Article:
The #MeToo movement gained momentum in the past few weeks after Dr. Christine Blasey Ford accused Supreme Court nominee Brett Kavanaugh of sexual assault; but it also received backlash from conservatives who argued that the allegations of sexual misconduct cost men their reputations. (Kavanaugh was confirmed to the Supreme Court on Saturday, despite the allegations.)
President Trump, for one, said “it’s a very scary time for young men in America.” Meanwhile First Lady Melania Trump said women “need to show the evidence” when they come forward with allegations.
Former First Lady Michelle Obama, however, countered that backlash. “Well, that’s what happens with change,” she said on the Today Show this morning. “Change is not a direct, smooth path. There’s gonna be bumps and resistance. There has been a status quo in terms of how women are treated, what their expectations have been in this society. And that is changing. And there is going to be a little upheaval. There’s gonna be a little discomfort.”
She continued, “I think it’s up to the women out there to say, ‘Sorry that you feel uncomfortable, but I’m now paving the way for the next generation.'” The crowd cheered in response.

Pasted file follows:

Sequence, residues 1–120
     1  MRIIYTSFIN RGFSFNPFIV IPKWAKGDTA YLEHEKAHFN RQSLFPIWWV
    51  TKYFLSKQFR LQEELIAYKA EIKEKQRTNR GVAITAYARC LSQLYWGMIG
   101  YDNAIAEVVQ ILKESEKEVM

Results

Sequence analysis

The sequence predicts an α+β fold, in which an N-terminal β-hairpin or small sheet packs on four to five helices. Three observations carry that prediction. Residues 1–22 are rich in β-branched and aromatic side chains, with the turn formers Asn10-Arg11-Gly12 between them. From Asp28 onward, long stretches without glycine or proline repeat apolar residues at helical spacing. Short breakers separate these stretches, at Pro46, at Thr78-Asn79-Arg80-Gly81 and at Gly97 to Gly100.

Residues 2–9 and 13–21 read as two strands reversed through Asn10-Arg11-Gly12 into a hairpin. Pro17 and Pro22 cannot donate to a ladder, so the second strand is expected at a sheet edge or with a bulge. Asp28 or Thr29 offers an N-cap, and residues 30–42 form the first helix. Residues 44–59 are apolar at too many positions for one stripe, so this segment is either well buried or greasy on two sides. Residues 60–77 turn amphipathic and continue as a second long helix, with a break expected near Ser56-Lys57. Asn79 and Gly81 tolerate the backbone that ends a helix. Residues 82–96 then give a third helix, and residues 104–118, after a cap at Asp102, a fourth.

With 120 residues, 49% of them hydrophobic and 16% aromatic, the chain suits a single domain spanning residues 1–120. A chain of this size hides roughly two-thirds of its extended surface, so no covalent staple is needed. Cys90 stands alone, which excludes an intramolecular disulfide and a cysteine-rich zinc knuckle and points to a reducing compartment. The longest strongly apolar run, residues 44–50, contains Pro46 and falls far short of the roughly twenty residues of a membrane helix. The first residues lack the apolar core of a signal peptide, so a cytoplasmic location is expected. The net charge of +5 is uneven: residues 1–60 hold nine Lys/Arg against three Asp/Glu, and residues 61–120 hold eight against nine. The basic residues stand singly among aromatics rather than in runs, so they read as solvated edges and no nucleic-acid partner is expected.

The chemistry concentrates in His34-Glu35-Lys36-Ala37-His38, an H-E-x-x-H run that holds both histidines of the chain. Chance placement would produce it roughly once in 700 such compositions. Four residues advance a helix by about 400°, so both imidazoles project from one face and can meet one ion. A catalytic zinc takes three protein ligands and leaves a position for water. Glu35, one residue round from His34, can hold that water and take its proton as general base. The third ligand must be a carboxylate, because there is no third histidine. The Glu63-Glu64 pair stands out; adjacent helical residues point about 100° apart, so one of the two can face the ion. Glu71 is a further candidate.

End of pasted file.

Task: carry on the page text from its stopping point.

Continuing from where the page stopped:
The former FLOTUS added that mothers also have a responsibility to pave the way for their daughters. “If we don’t start setting the tone now, they’re gonna walk into a world where they’re still dealing with those issues in the workplace, and at home, and in schools. And I don’t want that for your girls.”
Obama’s comments arrive days after Brett Kavanaugh was sworn in as a Supreme Court Justice, following impassioned protests from sexual assault survivors and supporters across the country. The Senate’s vote to confirm Kavanaugh’s nomination occurred exactly one year after The New York Times first reported Harvey Weinstein’s history of alleged sexual misconduct, which gave rise to the Time’s Up and #MeToo movements.
Looking back at the past year, Obama said she’s “surprised at how much has changed but how much has not changed. And I think that’s where the fire is coming from. Enough is enough.”
“The world is a sadly dangerous place for women and girls, and we see that again and again. And I think young women are tired of it. They’re tired of being undervalued. They’re tired of being disregarded. They’re tired of their voices not being invested in and heard,” Obama added.
“And that’s not just around the world,” she continued. “That’s happening right here, in this country. If we’re going to change that, we have to give them the tools and the skills, through education, to be able to lift those voices up.”
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